Sequencing software provides a number of benefits to a composer or arranger. It allows
recorded MIDI to be manipulated using standard computer editing features such as cut, copy and
paste and drag and drop.

2) Notation/scoring software:
Scorewriting software typically lacks advanced sequencing tools, and is optimized for the
creation of a neat, professional printout designed for live instrumentalists.

3) Editor/librarians:
Patch editors allow users to program their equipment through the computer interface.

4) Auto-accompaniment programs:
Programs that can dynamically generate accompaniment tracks are called "auto-
accompaniment" programs. These create a full band arrangement in a style that the user selects,
and send the result to a MIDI sound generating device for playback.

5) Synthesis and sampling

6) Game Music

7) Other Applications:
 Game music MIDI Show Control
 VJs
 Turntablists
 Apple Motion

4. MIDI Channels
MIDI data is transmitted on MIDI channels. A single MIDI link through a MIDI cable can carry up
to sixteen channels of information, each of which can be routed to a separate device or
instrument. This could be sixteen different digital instruments, for example.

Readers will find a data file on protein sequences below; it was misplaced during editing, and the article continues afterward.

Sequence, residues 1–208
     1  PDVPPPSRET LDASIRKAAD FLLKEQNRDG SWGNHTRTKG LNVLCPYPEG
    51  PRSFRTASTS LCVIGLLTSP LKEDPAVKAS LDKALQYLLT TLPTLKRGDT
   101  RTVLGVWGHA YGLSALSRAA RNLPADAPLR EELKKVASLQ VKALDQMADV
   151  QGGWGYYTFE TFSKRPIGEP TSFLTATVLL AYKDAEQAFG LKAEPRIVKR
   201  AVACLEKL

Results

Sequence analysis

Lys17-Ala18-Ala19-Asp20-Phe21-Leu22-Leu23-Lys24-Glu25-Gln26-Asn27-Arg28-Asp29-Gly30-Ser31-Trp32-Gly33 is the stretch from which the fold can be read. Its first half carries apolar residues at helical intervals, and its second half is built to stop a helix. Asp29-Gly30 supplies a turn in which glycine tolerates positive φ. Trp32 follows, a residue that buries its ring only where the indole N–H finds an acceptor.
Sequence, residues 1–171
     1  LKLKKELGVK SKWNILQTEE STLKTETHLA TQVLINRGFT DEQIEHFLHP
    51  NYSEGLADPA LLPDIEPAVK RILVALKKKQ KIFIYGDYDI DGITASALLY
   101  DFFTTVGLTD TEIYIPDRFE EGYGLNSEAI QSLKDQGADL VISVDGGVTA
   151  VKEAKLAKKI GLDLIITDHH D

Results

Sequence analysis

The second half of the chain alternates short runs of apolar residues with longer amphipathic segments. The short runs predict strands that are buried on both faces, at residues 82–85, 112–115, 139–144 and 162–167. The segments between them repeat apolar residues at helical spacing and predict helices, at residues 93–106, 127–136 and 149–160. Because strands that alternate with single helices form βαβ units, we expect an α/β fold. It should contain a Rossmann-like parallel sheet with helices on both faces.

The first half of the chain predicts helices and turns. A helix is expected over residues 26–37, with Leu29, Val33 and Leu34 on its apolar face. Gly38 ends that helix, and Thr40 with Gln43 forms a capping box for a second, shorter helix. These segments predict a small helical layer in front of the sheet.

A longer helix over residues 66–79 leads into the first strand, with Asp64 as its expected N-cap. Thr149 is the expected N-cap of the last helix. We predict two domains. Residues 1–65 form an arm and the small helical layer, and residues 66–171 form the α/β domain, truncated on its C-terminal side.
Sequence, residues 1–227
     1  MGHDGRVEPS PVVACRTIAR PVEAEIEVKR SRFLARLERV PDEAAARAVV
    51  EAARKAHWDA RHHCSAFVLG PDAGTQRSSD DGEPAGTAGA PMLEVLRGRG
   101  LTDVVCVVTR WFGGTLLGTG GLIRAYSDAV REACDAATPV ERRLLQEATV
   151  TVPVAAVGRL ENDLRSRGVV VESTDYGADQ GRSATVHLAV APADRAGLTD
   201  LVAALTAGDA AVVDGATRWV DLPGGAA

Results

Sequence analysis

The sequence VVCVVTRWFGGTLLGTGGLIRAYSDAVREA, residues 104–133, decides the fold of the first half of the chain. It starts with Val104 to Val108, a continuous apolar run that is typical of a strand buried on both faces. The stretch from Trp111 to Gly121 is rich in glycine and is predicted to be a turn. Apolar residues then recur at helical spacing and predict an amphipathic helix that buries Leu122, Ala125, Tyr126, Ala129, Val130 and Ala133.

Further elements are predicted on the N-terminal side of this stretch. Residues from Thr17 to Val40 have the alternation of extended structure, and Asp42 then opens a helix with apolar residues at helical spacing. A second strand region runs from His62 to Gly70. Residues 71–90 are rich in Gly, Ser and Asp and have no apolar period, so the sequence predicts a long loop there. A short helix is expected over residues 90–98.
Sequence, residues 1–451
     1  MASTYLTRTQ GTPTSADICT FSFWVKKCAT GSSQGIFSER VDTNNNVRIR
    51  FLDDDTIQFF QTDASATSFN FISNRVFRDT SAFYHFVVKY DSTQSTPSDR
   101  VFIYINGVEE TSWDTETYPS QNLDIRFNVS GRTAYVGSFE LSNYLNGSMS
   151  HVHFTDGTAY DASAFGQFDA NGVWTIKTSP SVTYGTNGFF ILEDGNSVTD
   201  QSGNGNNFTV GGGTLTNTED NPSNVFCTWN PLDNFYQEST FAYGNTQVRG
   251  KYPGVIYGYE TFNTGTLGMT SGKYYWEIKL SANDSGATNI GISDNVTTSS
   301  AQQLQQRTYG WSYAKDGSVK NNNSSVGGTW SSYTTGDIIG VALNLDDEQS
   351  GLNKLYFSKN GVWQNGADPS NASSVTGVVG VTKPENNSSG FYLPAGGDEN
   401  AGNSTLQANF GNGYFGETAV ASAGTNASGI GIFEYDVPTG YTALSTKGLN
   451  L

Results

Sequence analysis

5. MIDI Modes
 Omni On/Poly – Device responds to MIDI data regardless of channel, and is polyphonic.
 Omni On/Mono – Device responds to MIDI data regardless of channel, and is
monophonic. This mode is rarely, if ever, used.
 Omni Off/Poly – Device responds to MIDI data only on one particular channel, and is
polyphonic. This is the normal mode for most keyboards that are not functioning
 Omni Off/Mono – Device responds to MIDI data only on one particular channel, and is
Question No 2: Apply following processing on any audio signal using
adobe audition and discuss the output.
i. Up-sampling or down-sampling
ii. Fade-ins and fade-outs
iii. Equalization
iv. Time stretching

i. Up-sampling or down-sampling
Original Audio:
ii. Fade-ins and fade-outs

iii. Equalization
iv. Time stretching